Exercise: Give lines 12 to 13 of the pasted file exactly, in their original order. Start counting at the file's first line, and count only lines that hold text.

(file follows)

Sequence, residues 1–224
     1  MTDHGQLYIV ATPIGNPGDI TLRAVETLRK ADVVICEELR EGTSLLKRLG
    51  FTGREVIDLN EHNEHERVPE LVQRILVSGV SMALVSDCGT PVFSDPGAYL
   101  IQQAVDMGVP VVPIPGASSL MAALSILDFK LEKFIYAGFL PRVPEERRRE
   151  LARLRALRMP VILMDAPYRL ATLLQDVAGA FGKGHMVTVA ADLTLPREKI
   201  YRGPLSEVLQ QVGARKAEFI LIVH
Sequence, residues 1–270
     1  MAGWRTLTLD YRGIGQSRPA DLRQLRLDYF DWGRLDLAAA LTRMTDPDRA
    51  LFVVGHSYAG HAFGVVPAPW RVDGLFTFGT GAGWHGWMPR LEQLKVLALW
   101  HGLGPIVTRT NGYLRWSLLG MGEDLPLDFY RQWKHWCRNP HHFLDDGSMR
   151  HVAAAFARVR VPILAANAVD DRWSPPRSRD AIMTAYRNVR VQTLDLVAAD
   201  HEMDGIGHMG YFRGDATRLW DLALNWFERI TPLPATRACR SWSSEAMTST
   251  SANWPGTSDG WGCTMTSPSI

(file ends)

   201  HEMDGIGHMG YFRGDATRLW DLALNWFERI TPLPATRACR SWSSEAMTST
   251  SANWPGTSDG WGCTMTSPSI